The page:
Clinicians participating in the Merit-Based Incentive Payment System (MIPS) are set to finally receive a worthwhile financial return for 2021 reporting. Providers have been unsure whether incentive returns of less than 2% justifies shifting focus to achieve a high score in the program. A provider collecting $400,000 in Medicare Part B payments in 2020 will only receive $6,700 for scoring well in 2018 quality payment program (QPP) performance. While this does produce a positive return on investment, it may cause practices to question whether it is worth the effort required to track and report measures.
The last 90 days of the year. Many might be ready to say goodbye to 2020 as a year filled with challenges, adjustments and ever-shifting expectations in our personal and professional lives. For those clinicians who are eligible for participation in the Merit-Based Incentive Payment System (MIPS), the last 90 days of the year also represents the beginning of some measurement periods and the final opportunity to improve in others.
The 2021 Proposed Rule was released last week, and there are some potential changes that you should keep your eye on. Scouring through the entire release, it’s apparent that the Centers for Medicare & Medicaid Services (CMS) kept to their two main objectives:
- Minimize changes to reduce the burden on providers digging out of COVID-19
- Keep the momentum of the Quality Payment program moving forward
The quick answer is NO!
There has been quite a bit of discussion, and some press, about the reporting period for MIPS for 2020. I have seen a few articles saying that no data reflecting services provided January 1, 2020 through June 30, 2020 will be used in the Center for Medicare & Medicaid Services (CMS’s) calculations for the Medicare quality reporting and value-based purchasing programs. However, if you read the Quality Payment Program – COVID-19 Response, Updated 6/24/2020, there is no mention of an all-inclusive change to the reporting period.
In the last couple of weeks, some major changes have been made to the immediate future of Value-Based Care payment models.
Some of these updates include:
- The extension of the Oncology Care Model (OCM) until June of 2022. The Centers for Medicare & Medicaid Services (CMS) is also giving practices the ability to abdicate downside and upside risk performance during the COVID-19 outbreak.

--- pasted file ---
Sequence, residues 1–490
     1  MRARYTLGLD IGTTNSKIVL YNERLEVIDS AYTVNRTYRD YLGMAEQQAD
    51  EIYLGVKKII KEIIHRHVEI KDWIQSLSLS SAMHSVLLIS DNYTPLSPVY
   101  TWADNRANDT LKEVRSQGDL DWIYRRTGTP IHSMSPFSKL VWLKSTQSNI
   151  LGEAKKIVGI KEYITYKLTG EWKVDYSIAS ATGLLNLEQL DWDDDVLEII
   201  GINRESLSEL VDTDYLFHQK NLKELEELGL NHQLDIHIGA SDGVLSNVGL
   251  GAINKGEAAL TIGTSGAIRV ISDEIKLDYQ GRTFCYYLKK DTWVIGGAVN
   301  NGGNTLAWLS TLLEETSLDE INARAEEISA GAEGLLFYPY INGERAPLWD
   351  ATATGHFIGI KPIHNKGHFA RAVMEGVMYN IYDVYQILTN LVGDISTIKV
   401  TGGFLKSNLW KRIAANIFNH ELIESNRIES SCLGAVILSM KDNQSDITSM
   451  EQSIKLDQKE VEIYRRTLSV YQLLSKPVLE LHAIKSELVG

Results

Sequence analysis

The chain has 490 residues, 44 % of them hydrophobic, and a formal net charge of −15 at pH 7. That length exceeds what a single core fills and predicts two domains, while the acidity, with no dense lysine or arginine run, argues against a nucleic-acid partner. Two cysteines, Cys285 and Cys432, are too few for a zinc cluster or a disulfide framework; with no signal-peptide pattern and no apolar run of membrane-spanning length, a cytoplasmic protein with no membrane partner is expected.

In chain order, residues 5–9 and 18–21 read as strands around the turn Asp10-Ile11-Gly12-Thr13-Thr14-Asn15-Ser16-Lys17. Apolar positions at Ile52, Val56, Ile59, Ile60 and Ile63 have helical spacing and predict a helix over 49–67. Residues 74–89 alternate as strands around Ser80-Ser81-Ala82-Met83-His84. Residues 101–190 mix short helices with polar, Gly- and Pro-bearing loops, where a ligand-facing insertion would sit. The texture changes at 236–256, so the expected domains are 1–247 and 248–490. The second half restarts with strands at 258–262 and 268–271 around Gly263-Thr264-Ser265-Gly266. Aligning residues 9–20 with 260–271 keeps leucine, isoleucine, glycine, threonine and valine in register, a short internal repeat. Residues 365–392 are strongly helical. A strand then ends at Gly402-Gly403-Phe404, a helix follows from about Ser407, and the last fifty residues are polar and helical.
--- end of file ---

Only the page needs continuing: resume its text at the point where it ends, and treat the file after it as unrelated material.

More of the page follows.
- The delay of starting the new Direct Contracting model to April 1st, 2021.
- The extension of the Next-Gen ACO model until December 2021.
- The option for participating entities in the Bundled Payments for Care Improvement Advanced (BPCI) payment model to eliminate upside or downside risk.
- The removal of COVID-19 episodes of care for certain Medicare ACO models.
Quality and Cost are two fundamental focus areas in the Volume to Value-Based Care transition. The Centers for Medicare & Medicaid Services (CMS), seeks to incentivize higher quality care at a lower cost through programs like MIPS. In recent years, the primary focus of MIPS has been Quality reporting, however Quality and Cost will be equally weighted in 2022. Mandated increases and lack of insight into current MIPS scores make it a top priority for practices to learn how Cost impacts their revenue.
We know the current regulatory updates for the Quality Payment Program (QPP) program. To date, the Centers for Medicare & Medicaid Services (CMS) has issued many changes. The 2019 MIPS reporting requirement had an extended deadline and options for hardship exemptions. The 2020 MSSP program reporting period had many changes in both of the interim final rule with comment periods (IFCs) issued by CMS, at the end of March and the end of April. CMS has also added a COVID-19 improvement activity to the 2020 program, that provides full credit for the Improvement Activity category for MIPS, if an individual or 50% of a group (TIN) participates in clinical trial reporting. No changes to the reporting window or other parameters of the program have been issued.
The Centers for Medicare & Medicaid (CMS) is working rapidly to update policies and allow healthcare providers to flexibly apply best practices in response to the COVID-19 pandemic. Programs such as Hospitals without Walls and the existing Patients over Paperwork have been deployed. Removal of barriers have resulted in exponential growth of telehealth and remote patient monitoring. Advanced payments to healthcare providers are being provided to counter the effects of changing patterns of healthcare use, reduction in elective procedure, increase in ICU utilization and other ongoing unanticipated changes.
There is a tsunami of information coming at us all about COVID-19, the impact to healthcare practices, the business climate, and the federal government response. On Friday, we saw monumental legislative changes. I haven't read the entire 887 page document yet, but here are a couple of the best recaps I've seen.